Universal Flow: Wild and scenic river protection is vital for tribes, recreation and much more.
Francisco “Cisco” Guevara, then 13 years old, gripped the edge of the large, inflatable inner tube. The current accelerated his vessel into consecutive waves of whitewater. He squeezed his wide eyes shut: an experience that, years later would inspire his life path as a river guide and conservationist.
Teenagers from Taos, New Mexico, like Guevara, grow up playing in the Rio Grande, one of the country’s original eight rivers protected by the Wild and Scenic Rivers Act. For many of the local and indigenous people of northern New Mexico, their cultural roots and livelihoods are connected to the water.
“When I look at the (Rio Grande), I see life and my partner, who helps me make a living and water my crops, so that I can feed myself and my community. I see my ancestors using the water and my grandkids running the river, like I do now,” said Louie Hena, in the American Rivers’ documentary film, Avanyu Protecting the Rio Grande. For close to two decades, Hena has been a guide for Los Rios River Runners, the commercial raft company that Guevara launched five years after his high school graduation in the 1970s. To help share tribal perspectives of the Rio Grande, Hena developed the Native Cultures Feast and Float, a river trip woven with Pueblo history and a traditional feast.
The “Big River” starts in Colorado’s San Juan Mountains and flows southbound through the San Luis Valley and New Mexico before reaching the U.S Mexico border. The Rio Grande feeds local economies via outdoor recreation and education, supports the crops of farmers and tribes, and sustains endemic species. The river is also a vital place for tribal ceremonies.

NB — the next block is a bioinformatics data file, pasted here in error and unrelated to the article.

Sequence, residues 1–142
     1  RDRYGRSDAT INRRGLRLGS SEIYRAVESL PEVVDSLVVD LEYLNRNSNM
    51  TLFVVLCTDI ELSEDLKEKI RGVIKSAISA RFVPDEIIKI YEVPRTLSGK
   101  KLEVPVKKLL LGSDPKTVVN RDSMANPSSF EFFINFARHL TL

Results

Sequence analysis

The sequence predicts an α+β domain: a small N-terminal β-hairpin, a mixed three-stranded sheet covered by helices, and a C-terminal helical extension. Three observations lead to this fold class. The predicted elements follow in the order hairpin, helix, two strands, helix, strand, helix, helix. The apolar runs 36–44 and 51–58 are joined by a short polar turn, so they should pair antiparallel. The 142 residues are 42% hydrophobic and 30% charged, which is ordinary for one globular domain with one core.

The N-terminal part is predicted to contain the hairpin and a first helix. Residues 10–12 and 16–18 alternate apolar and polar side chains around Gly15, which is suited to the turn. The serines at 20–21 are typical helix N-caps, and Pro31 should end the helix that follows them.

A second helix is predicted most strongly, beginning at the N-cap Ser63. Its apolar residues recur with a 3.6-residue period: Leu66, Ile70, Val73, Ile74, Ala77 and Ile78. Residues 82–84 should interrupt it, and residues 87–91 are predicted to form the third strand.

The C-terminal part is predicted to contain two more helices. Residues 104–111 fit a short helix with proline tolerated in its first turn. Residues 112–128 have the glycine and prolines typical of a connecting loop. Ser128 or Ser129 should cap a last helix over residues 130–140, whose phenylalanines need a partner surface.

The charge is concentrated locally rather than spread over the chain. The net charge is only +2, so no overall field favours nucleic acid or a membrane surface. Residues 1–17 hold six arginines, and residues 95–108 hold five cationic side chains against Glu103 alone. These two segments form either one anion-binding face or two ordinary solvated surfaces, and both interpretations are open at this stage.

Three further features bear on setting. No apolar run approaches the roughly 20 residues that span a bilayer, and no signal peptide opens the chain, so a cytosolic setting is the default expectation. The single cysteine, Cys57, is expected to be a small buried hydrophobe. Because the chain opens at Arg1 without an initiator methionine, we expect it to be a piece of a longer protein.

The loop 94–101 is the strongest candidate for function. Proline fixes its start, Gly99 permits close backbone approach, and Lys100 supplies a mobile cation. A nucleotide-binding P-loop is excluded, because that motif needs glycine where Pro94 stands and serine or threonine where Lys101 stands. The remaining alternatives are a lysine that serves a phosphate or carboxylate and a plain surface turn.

Hena is from the Tesuque Pueblo, one of 18 Pueblos that depend on the Rio Grande and its tributaries, and he practices immersive river rituals that require water clarity. Fortunately, the Rio Grande’s Wild and Scenic Rivers (WSR) designation, which stretches 68.2 miles, helps to preserve the river’s water quality and prevent river-altering projects such as dams. A WSR designation also serves as a tool to educate visitors, market outdoor trips for local businesses, and support conservation efforts.
“People who come to Taos appreciate the beauty and energy of this place. The Rio Grande’s Wild and Scenic River recognition helps travelers understand why this river is special to the locals,” Guevara said. He co-founded Amigos Bravos (AB), a statewide water conservation organization that uses science and cultural values to leverage legislative policies and protect New Mexico’s waterways. The $10,000 fund that launched the organization was collected via parking fees – $10 per car – for a WSR 20th anniversary party, 30 years ago. Beyond WSR protection, communities need to be the watchdog of their rivers.
“A Wild and Scenic River designation on a river’s main stem is not enough protection: The river is vulnerable if you don’t protect the headwaters,” Guevara said. In one recent case, AB argued against a pending sale of public lands to oil and gas companies, near the community of Cebolla – an area that serves as headwaters to the Rio Grande. For the moment, they won: The Bureau of Land Management Taos Field Office excluded the parcels from the 2014 lease.
Across the country, 209 rivers are designated as WSR. However, at least 3,200 rivers qualify, according to Denielle Perry, a former Los Rios River Runners raft guide and assistant professor in the School of Earth Sciences and Environmental Sustainability at Northern Arizona University. More U.S. rivers need to be protected, especially in the desert Southwest.
“Riparian areas occupy less than 10 percent of land in the desert Southwest, and 80 percent of all biodiversity is found within the river riparian corridors,” Perry said. “Meaning, rivers are a very scarce, super important resource in this region.”
In the Four Corners, only 427 river miles are WSR, which is one-tenth of 1 percent of all rivers in Colorado, New Mexico, Arizona, and Utah.
As Hena said, our rivers and streams are connected to every community in New Mexico and in the Four Corners of the desert Southwest. Without water, there is no life.
“Recreation and tourism is measurable,” Guevara said. “How do you put a dollar sign on the value of protecting wild places for our well being – physically, mentally, and spiritually? It’s priceless.”